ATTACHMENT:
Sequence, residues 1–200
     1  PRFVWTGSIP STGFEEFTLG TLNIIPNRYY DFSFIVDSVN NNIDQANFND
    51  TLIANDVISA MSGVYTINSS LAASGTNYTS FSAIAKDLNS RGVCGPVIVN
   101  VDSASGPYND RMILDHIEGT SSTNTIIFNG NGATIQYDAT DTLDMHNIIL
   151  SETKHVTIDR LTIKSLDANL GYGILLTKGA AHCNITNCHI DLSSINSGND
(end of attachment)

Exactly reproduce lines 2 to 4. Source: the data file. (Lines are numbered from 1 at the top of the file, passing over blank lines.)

     1  PRFVWTGSIP STGFEEFTLG TLNIIPNRYY DFSFIVDSVN NNIDQANFND
    51  TLIANDVISA MSGVYTINSS LAASGTNYTS FSAIAKDLNS RGVCGPVIVN
   101  VDSASGPYND RMILDHIEGT SSTNTIIFNG NGATIQYDAT DTLDMHNIIL